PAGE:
India parliament remains stalled over coal scandal

Indian protesters hold photographs of Indian Prime Minister Manmohan Singh as they shout slogans during an anti corruption protest near the Indian parliament in New Delhi, India, Sunday, Aug. 26, 2012 The revelations about the sale of coalfields have caused anger among the opposition politicians and citizens alike

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India's parliament has been stalled for the sixth consecutive day over the controversial sale of coalfields by the government.

The opposition BJP has been insisting that Prime Minister Manmohan Singh should quit over a recent report that the country lost $33bn (£20bn) by selling coalfields cheaply.

Mr Singh has rejected the allegation.

A report by government auditors said the coalfields were allotted without auction from 2005 to 2009.

Although the report exonerated Mr Singh, BJP leaders say he must resign as he was heading the coal ministry at the time of the sale.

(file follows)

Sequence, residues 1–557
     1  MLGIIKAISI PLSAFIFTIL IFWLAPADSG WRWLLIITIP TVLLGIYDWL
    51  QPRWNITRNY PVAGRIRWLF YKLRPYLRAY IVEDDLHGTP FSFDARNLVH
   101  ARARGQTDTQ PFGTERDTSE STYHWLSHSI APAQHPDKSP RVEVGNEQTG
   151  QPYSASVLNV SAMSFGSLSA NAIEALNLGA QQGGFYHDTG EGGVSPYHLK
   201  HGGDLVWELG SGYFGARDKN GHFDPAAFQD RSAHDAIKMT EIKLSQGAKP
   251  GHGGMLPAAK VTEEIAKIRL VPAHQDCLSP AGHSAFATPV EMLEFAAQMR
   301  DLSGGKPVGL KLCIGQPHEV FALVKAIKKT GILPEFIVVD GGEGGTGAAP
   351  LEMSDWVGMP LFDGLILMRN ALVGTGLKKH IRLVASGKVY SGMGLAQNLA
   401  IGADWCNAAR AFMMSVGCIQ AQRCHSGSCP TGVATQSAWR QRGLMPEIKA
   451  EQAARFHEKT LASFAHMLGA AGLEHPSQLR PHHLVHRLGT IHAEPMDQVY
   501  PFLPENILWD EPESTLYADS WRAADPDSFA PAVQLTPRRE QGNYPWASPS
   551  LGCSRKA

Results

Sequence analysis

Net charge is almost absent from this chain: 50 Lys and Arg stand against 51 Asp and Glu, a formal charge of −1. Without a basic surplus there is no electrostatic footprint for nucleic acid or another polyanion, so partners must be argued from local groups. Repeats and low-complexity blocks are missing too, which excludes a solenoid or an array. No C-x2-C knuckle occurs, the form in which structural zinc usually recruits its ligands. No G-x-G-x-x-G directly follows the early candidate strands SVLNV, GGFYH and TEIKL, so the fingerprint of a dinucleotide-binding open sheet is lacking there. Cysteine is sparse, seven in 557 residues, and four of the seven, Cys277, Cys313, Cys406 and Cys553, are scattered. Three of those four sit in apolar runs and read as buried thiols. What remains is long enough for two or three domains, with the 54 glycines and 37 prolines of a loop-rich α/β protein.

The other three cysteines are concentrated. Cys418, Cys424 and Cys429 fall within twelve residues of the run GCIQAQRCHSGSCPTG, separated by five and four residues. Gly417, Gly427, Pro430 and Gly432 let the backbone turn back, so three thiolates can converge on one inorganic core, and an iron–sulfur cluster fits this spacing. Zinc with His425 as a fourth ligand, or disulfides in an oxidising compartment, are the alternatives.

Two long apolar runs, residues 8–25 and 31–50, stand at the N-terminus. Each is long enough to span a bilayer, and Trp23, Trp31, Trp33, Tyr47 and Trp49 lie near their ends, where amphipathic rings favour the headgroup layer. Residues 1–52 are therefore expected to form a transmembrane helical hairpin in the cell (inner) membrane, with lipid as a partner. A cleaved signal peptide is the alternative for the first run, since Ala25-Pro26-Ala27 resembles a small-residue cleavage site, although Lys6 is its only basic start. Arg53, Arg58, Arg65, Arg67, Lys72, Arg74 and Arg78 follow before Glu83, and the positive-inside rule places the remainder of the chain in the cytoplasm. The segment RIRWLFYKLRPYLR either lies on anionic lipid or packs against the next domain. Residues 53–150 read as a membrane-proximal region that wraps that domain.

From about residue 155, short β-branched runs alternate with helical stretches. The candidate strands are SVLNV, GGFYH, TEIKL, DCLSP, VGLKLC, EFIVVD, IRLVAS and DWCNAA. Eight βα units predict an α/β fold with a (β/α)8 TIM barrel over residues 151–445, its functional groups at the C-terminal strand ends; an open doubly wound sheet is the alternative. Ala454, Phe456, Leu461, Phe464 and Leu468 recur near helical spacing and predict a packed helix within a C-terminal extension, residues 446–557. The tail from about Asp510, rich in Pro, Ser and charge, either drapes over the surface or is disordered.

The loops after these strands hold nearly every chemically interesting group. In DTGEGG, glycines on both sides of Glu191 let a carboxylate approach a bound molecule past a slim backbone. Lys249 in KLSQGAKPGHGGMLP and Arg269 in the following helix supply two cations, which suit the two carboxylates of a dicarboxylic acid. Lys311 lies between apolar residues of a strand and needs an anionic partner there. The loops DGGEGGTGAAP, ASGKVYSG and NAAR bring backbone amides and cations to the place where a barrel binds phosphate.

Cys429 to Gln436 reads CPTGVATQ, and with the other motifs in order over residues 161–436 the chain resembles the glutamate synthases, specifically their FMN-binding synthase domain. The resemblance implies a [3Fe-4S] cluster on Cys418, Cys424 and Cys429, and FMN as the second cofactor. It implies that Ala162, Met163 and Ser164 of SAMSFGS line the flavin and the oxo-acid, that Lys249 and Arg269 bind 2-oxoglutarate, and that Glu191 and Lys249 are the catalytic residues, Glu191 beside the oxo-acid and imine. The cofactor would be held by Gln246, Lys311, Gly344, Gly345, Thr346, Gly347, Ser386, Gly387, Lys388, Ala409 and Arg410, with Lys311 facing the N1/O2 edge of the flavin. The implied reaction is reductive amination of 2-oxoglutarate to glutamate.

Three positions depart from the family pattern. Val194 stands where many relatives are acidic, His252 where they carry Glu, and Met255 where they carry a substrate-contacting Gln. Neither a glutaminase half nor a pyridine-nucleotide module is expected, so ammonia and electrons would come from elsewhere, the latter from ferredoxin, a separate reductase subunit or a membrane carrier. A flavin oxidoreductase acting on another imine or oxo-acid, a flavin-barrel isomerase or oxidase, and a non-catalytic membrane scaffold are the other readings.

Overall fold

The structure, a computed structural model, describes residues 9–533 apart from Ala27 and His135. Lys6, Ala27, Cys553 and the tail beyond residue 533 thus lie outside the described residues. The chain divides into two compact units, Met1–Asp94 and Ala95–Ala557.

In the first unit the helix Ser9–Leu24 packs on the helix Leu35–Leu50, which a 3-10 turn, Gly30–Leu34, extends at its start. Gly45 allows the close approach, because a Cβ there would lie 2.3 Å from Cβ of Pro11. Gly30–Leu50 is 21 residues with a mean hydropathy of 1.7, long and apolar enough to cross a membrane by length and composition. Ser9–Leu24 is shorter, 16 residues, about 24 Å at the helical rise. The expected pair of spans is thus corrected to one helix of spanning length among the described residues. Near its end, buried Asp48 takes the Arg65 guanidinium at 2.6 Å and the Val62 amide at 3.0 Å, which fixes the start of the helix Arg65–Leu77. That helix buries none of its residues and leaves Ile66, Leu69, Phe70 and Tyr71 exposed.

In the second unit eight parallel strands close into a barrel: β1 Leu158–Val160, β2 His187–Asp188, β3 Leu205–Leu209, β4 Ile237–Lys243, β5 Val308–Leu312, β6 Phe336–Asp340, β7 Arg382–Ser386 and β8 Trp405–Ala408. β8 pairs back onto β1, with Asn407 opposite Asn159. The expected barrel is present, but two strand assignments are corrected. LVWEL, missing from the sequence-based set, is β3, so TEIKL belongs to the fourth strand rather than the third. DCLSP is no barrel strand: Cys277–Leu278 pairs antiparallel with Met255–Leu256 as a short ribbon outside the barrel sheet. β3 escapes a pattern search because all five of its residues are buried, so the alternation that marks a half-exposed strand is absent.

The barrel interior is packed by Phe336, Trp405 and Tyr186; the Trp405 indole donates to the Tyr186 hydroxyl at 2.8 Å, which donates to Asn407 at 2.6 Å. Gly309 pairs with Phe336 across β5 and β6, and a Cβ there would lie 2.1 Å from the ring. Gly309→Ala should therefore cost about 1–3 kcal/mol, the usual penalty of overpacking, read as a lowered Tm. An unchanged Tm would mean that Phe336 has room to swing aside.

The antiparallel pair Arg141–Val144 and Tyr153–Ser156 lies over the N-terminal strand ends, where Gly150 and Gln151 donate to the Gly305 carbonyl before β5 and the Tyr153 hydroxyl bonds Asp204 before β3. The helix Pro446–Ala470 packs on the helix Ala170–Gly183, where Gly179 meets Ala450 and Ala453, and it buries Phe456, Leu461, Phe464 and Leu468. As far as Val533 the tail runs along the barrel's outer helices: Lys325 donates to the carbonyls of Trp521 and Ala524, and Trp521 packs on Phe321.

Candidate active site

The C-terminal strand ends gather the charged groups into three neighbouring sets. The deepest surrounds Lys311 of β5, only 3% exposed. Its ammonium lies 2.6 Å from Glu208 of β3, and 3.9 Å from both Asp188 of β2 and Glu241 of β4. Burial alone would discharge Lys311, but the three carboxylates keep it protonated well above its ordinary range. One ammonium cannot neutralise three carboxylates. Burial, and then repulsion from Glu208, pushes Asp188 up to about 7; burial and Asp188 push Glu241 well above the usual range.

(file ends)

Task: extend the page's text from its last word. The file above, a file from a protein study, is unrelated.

Mr Singh said on Monday that the findings were "flawed", and that "any allegation of impropriety is without any basis and unsupported by facts".

The chief of the ruling Congress party Sonia Gandhi has backed Mr Singh and has criticised the opposition for holding the parliament "to ransom".

"We have nothing to hide or to be defensive about," she was quoted as telling a party meeting by the Press Trust of India news agency.

Senior BJP leaders say that, if needed, they will stretch their protest to cover the entire monsoon session, due to end on 8 September.

The government says the coalfields were "allocated by the same procedure by previous governments".

The sale of coalfields has been dubbed "Coalgate" by the opposition.

India is one of the largest producers of coal in the world.

The auditors' report on the sale of coal is the latest in a series of financial scandals to hit the Congress-led government, and the revelations have caused public anger.

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